A solution to this problem came from an unlikely source: Chen’s 16-year-old daughter, who at the time was working on a science fair project in which she constructed a makeshift greenhouse from simple materials, including bubble wrap.

“She was able to heat it to 160°F [71.11°C], in winter!” Chen says. “It was very effective.”

Chen proposed the packaging material to Ni as a cost-effective way to prevent heat loss by convection. This approach would let sunlight in through the material’s transparent wrapping, while trapping air in its insulating bubbles.

“I was very sceptical of the idea at first,” Ni recalls. “I thought it was not a high-performance material. But we tried the clearer bubble wrap with bigger bubbles for more air trapping effect and, as it turns out, it worked. Now because of this bubble wrap, we don’t need mirrors to concentrate the sun.”

The bubble wrap, combined with the selective absorber, prevented heat from escaping the surface of the sponge. Once the heat was trapped, the copper layer conducted the heat towards a single hole (or channel) that the researchers had drilled through the structure. When they placed the sponge in water, they found that water crept up the channel, where it was heated to 100°C and then turned to steam.

Tao Deng, professor of material sciences and engineering at Shanghai Jiao Tong University in China, says the researchers’ use of low-cost materials will make the device more affordable for a wide range of applications.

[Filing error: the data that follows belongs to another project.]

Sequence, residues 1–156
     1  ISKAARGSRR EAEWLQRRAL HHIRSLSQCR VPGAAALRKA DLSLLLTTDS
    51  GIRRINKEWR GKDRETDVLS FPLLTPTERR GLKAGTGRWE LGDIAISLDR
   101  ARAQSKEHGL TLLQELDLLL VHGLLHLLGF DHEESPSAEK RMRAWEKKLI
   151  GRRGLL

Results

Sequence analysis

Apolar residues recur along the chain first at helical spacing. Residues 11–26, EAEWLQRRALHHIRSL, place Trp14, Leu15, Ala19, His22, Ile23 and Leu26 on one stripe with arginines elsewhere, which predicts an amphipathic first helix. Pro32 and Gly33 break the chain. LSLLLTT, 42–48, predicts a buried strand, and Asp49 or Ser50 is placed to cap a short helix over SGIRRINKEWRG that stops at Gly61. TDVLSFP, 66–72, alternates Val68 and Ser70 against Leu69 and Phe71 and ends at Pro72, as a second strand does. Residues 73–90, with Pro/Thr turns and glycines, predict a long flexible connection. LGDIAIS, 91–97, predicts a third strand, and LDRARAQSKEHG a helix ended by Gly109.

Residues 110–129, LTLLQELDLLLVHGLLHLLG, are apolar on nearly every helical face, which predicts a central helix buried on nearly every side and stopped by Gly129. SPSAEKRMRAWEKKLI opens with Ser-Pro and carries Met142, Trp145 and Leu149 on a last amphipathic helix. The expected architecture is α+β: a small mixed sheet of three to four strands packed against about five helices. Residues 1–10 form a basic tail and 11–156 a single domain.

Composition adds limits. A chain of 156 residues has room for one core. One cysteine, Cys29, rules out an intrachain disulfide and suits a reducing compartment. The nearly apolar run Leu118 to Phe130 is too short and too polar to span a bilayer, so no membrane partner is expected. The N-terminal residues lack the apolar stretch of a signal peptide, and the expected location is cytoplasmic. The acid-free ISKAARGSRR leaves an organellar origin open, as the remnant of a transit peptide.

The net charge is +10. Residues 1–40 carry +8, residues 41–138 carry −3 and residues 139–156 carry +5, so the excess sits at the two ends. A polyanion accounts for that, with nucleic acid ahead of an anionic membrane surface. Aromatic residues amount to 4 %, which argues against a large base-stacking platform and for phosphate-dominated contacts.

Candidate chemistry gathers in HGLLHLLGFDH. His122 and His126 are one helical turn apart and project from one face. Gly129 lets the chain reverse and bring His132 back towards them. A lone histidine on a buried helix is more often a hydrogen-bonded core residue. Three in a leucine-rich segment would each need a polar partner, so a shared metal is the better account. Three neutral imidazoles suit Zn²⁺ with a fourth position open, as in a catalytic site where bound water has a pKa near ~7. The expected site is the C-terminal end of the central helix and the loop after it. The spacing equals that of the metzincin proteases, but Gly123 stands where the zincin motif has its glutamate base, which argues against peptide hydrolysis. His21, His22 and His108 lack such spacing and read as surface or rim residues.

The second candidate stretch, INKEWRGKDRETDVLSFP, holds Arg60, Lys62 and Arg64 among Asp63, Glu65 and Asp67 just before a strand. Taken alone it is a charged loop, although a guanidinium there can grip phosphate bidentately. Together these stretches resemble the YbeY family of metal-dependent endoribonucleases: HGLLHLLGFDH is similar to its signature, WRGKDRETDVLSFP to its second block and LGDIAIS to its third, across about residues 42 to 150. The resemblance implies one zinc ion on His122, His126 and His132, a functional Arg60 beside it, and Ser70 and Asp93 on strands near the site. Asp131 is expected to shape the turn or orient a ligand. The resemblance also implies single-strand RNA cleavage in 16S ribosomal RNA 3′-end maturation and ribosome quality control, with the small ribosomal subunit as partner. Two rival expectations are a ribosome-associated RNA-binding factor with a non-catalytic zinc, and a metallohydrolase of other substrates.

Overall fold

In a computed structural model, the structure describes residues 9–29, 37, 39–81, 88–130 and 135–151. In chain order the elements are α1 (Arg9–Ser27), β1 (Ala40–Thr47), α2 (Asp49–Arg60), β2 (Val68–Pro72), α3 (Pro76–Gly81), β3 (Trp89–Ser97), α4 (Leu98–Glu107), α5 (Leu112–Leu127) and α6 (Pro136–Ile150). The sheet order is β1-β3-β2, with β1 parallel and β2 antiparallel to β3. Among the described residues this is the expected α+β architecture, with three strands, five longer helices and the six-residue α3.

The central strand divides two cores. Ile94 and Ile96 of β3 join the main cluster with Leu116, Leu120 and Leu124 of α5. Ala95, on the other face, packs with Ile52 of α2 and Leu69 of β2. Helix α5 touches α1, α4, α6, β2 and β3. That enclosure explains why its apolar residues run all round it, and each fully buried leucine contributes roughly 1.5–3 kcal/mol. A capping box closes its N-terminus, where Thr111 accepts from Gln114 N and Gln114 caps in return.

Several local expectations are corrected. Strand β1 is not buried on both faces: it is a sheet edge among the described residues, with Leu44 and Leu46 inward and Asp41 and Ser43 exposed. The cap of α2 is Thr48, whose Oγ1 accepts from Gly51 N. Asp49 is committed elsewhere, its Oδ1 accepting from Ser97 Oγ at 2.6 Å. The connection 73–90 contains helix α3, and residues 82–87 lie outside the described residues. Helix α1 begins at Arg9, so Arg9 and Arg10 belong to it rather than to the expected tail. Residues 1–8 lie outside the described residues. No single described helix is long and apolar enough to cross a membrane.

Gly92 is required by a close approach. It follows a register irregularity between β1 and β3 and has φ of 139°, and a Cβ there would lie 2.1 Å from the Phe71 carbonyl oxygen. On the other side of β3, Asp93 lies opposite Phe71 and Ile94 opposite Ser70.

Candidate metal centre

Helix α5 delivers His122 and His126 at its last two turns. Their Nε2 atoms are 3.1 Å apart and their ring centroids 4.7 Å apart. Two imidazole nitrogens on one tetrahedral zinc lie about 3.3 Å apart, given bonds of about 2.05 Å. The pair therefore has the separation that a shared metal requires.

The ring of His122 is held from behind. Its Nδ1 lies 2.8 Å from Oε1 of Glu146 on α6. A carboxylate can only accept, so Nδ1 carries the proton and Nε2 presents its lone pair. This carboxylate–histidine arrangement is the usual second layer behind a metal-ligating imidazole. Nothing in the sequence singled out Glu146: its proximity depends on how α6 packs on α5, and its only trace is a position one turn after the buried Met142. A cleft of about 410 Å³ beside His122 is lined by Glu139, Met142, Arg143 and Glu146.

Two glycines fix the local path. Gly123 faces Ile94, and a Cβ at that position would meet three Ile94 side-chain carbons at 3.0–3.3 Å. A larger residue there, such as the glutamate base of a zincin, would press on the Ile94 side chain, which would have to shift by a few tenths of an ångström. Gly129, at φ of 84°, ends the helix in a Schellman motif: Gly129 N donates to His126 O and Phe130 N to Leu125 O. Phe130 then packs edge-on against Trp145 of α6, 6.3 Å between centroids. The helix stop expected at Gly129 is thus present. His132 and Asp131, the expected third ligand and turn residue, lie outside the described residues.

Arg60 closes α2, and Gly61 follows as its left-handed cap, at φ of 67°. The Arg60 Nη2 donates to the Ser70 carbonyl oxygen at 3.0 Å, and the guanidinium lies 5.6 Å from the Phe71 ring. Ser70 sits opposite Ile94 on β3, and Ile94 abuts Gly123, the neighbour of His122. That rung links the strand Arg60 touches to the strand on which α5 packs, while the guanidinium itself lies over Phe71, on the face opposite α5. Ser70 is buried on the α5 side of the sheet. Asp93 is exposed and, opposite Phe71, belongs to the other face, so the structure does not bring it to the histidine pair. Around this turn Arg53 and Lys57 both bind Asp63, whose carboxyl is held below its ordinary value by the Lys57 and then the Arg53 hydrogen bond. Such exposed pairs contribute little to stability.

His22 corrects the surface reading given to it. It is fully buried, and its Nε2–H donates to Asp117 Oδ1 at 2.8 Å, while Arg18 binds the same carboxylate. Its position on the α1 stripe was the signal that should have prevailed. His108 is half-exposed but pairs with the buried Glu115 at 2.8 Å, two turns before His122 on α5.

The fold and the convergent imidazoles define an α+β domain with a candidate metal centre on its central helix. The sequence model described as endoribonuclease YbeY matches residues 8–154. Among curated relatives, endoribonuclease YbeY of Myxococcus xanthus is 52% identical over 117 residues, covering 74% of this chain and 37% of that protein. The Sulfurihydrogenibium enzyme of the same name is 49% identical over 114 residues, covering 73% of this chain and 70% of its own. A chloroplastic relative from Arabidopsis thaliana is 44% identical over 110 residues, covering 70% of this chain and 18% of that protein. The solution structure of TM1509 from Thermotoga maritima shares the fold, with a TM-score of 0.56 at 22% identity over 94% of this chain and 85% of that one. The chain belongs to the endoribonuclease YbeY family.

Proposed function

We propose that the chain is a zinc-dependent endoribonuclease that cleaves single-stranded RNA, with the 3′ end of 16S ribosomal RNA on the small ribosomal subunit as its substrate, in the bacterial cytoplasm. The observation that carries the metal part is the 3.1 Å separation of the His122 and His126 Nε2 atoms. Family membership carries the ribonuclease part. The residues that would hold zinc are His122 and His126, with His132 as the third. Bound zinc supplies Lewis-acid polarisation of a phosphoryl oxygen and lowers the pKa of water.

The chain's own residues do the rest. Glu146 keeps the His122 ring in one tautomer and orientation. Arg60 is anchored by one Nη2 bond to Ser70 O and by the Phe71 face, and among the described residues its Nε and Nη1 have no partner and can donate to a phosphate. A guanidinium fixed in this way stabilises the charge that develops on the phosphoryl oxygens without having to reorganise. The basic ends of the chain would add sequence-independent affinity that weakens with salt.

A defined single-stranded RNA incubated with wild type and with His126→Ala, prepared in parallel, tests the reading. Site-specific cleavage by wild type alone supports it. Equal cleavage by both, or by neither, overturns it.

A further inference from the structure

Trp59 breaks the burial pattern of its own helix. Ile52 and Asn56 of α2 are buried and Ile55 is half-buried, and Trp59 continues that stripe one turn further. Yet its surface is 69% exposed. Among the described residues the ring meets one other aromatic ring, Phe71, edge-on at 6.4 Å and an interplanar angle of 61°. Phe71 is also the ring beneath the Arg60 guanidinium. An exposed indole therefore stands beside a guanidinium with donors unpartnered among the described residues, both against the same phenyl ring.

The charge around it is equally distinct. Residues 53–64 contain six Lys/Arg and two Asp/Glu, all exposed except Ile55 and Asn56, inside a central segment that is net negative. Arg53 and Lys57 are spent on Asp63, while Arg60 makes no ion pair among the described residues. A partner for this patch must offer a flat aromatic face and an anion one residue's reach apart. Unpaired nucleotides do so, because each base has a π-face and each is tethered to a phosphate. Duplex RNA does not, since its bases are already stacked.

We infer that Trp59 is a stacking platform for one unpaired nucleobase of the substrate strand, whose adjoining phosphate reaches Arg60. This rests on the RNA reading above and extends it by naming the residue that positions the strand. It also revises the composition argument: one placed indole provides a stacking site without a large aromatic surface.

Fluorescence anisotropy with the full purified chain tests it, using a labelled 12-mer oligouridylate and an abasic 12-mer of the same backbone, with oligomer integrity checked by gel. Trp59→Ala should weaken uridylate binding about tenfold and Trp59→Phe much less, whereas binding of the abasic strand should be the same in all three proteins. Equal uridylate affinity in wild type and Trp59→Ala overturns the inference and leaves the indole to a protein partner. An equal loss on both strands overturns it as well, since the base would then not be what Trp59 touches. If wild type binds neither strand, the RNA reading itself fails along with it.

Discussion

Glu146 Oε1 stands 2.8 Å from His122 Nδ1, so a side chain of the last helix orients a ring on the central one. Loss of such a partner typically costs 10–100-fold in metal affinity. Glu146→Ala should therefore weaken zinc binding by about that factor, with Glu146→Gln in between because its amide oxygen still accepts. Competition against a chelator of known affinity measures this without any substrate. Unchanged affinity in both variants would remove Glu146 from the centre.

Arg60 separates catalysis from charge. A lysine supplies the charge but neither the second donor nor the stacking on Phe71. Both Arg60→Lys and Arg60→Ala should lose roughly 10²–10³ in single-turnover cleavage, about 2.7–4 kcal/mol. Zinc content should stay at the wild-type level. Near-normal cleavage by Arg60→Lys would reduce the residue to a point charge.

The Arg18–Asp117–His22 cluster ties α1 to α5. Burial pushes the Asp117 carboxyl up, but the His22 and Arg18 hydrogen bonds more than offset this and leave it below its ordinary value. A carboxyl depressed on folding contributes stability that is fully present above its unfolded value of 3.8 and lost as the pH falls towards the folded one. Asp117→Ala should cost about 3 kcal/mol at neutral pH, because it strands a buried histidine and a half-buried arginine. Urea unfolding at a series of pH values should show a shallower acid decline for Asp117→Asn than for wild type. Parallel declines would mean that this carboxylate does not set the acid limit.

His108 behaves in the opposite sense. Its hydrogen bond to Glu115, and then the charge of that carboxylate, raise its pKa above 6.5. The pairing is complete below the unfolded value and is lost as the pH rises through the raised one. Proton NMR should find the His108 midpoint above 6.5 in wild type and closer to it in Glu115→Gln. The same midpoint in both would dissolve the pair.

“This device offers a totally new design paradigm for solar steam generation,” says Deng, who was not involved in the study. “It eliminates the need for the expensive optical concentrator, which is a key advantage in bringing down the cost of the solar steam generation system. Certainly the clever use of bubble wrap and commercially available selective absorber also helps suppress the convection and radiation heat loss, both of which not only improve the solar harvesting efficiency, but also further lower the system cost.”

Chen and Ni say that solar absorbers based on this general design could be used as large sheets to desalinate small bodies of water or to treat wastewater. Ni says other solar-based technologies that rely on optical-concentrating technologies typically are designed to last 10–20 years, though they require expensive parts and maintenance. This new, low technology design, he says, could operate for one to two years before needing to be replaced.

“Even so, the cost is pretty competitive,” Ni says. “It’s kind of a different approach, where before, people were doing high technology and long term [solar absorbers]. We’re doing low technology and short term.”

“What fascinates us is the innovative idea behind this inexpensive device, where we have creatively designed this device based on a basic understanding of capillarity and solar thermal radiation,” says Zhang. “Meanwhile, we are excited to continue probing the complicated physics of solar vapour generation and to discover new knowledge for the scientific community.”

This research was funded, in part, by a co-operative agreement between the Masdar Institute of Science and Technology and MIT, as well as by the Solid-State Solar Thermal Energy Conversion Centre, which is an Energy Frontier Research Centre funded by the US Department of Energy.